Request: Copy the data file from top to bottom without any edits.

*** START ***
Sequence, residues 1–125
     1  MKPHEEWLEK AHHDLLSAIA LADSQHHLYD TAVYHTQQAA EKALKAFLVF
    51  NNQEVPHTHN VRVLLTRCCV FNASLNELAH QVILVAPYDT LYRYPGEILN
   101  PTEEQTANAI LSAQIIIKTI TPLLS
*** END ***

Sequence, residues 1–125
     1  MKPHEEWLEK AHHDLLSAIA LADSQHHLYD TAVYHTQQAA EKALKAFLVF
    51  NNQEVPHTHN VRVLLTRCCV FNASLNELAH QVILVAPYDT LYRYPGEILN
   101  PTEEQTANAI LSAQIIIKTI TPLLS